New Faculty Profile: Edlie Wong

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Fall/ Winter 03


New Faculty Profile: Edlie Wong, by John Koblin

It's a crisp and beautiful autumn day in New Brunswick, but Professor Edlie Wong has already been warned about the winters here. She comes to Rutgers after earning her Ph.D. from the University of California, Berkeley in 2003, and admits that she has not seen snow in years. "Well, I saw slush when I went to the MLA convention in New York," she jokes, "but you had to drive to see snow from where I lived. I know that when the snow hits, it'll be a new experience for me."

While earning her degree at Berkeley, Professor Wong's research interests were concentrated in nineteeth-century African-American literature, with emphases on postcolonial theory and gender studies. She uses these theoretical approaches to look at the "transformative journeys" described in travel literature of the period, especially the passages from bondage to freedom that are often described in the narratives of former slaves. "These stories are such a vibrant and neglected part of literary history," she says, arguing that slave narratives deal with the big questions about humanity and society that we expect to see addressed in great literature.

She is currently working on a book titled Fugitives and Foreigners: Enslaved Mobility and Elective Kinship in the Early Black Atlantic. A study of African-American and West-Indian slave narratives, the book examines the nineteenth-century literary themes of home and travel within a wider historical context, and pays particular attention to the experience and writings of enslaved women. She has published an article on one such narrative in Prose Studies in 2001, an in-depth study of the account of a West Indian woman named Mary Prince. According to Professor Wong, slave voyages often show a dynamic process of change, both physical and psychological, that remakes the speaker as someone with a powerful "public voice."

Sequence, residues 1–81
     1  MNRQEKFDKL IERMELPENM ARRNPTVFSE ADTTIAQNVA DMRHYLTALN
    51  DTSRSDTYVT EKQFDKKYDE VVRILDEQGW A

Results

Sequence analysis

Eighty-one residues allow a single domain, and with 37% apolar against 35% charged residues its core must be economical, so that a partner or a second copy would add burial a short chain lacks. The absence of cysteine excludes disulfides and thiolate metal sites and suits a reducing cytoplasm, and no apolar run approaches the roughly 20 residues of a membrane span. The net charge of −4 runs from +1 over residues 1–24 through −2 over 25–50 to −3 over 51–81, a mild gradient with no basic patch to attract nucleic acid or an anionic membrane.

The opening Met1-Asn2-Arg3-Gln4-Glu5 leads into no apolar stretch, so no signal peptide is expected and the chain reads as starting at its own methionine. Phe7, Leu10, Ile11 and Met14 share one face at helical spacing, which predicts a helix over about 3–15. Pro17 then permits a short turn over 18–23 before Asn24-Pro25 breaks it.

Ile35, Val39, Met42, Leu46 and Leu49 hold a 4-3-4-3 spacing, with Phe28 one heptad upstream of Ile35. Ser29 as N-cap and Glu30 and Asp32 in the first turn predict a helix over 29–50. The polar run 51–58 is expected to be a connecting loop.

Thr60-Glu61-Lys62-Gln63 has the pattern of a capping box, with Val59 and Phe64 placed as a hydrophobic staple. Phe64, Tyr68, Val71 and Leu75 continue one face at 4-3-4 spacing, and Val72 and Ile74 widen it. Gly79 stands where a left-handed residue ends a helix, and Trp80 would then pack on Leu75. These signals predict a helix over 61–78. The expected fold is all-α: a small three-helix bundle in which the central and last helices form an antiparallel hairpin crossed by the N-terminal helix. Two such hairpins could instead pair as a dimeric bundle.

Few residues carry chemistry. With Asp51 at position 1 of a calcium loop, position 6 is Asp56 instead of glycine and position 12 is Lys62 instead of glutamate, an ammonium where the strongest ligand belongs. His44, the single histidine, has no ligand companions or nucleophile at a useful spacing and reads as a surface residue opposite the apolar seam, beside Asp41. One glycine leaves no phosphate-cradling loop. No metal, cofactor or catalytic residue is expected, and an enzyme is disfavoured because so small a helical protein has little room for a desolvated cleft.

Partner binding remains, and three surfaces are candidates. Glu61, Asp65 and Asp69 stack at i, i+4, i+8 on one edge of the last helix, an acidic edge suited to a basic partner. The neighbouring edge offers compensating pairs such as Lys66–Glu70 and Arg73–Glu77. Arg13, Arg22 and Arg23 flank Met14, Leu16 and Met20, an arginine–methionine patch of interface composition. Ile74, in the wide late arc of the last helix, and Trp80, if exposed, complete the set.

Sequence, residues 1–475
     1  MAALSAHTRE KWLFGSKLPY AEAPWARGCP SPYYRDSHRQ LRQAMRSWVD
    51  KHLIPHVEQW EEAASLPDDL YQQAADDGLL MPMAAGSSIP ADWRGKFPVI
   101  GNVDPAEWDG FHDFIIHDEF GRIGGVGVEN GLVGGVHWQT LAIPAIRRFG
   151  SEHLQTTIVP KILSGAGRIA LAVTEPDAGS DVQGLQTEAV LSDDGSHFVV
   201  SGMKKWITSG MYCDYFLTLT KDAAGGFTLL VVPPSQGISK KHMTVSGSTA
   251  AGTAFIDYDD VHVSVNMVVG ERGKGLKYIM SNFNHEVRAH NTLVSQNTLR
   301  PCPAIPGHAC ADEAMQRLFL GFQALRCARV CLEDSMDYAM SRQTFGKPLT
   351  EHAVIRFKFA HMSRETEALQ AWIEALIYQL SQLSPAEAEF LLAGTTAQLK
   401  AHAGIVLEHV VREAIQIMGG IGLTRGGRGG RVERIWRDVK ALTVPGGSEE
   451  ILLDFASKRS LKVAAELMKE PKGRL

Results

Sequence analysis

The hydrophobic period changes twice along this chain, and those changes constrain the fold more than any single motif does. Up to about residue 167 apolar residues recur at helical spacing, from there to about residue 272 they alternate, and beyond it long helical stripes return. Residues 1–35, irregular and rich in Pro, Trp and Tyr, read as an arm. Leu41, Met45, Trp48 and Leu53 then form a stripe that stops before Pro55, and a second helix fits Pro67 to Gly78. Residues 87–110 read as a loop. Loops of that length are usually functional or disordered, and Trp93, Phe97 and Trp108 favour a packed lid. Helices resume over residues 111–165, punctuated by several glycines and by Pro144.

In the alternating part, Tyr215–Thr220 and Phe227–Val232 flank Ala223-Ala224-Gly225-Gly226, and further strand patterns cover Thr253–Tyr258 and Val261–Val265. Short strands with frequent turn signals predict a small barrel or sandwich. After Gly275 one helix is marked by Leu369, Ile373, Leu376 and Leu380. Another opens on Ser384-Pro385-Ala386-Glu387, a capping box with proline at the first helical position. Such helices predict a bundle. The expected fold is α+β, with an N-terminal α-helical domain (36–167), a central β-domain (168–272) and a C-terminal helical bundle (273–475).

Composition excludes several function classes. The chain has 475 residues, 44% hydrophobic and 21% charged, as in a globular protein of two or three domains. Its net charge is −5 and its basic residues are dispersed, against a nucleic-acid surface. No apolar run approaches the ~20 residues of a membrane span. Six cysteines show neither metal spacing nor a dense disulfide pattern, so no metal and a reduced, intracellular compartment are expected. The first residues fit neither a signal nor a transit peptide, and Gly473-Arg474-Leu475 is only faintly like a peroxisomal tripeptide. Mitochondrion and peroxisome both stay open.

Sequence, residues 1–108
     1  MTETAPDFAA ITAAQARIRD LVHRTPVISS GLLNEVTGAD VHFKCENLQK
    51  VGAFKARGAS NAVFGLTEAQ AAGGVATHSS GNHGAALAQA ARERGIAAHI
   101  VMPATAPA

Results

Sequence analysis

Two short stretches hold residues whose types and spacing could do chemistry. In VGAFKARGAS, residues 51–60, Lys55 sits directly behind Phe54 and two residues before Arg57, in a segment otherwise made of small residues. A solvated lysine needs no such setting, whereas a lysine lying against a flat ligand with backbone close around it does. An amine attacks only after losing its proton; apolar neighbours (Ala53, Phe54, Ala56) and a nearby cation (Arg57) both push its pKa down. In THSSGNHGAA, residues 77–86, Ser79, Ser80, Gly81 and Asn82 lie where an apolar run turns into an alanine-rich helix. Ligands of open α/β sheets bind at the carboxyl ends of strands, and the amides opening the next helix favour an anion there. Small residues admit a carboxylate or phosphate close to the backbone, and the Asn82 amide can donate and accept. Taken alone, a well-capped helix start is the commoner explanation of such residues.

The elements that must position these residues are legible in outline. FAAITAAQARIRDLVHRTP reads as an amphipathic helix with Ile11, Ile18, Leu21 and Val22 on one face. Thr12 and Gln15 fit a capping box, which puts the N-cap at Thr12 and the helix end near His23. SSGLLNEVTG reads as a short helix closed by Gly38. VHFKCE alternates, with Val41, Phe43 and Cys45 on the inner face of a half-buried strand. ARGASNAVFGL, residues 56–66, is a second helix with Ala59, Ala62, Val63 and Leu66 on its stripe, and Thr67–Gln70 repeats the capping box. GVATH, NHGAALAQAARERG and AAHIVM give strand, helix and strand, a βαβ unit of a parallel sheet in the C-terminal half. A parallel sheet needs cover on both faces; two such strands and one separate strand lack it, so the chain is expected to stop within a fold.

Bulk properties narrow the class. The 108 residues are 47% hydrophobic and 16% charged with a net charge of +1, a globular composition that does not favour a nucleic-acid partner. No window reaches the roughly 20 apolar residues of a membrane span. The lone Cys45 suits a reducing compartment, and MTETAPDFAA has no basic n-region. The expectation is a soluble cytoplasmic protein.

In her first semester of classes at Rutgers, Professor Wong has met challenges, especially when exposing students to slave narratives for the first time. "When I started, I was excited to teach classes of my own design, entirely related to my own interests," she says. But after students were introduced to the violence of slave life, she admits, they may have been overwhelmed. "There are some extraordinarily brutal scenes," she says, "but students' visceral reactions are a testament to the rhetorical effectiveness of the writing. These narratives often turned to sentiment and to feeling, using emotion to make a powerful political argument."

The English Department's support for the study of African-American literature is one of the many aspects of Rutgers that Professor Wong appreciates. "I'm excited to be in a department that requires an African-American course for a major. There's a real commitment to a diversity in education here, which I find very important." Before her Ph.D., Professor Wong earned her undergraduate degree at U.C. Berkeley - a double major in English Literature and Dramatic Arts - and is happy to be teaching at another large and diverse public university, despite the change in climate. "I feel very comfortable being part of a school like Rutgers," she says, "and I know my work here is significant. We have a diverse student body, but also many different learning programs to help students fulfill their goals. Anyone teaching here is part of a larger process, a true democratic education."

click here to read Edlie Wong's "Fugitive Voices"

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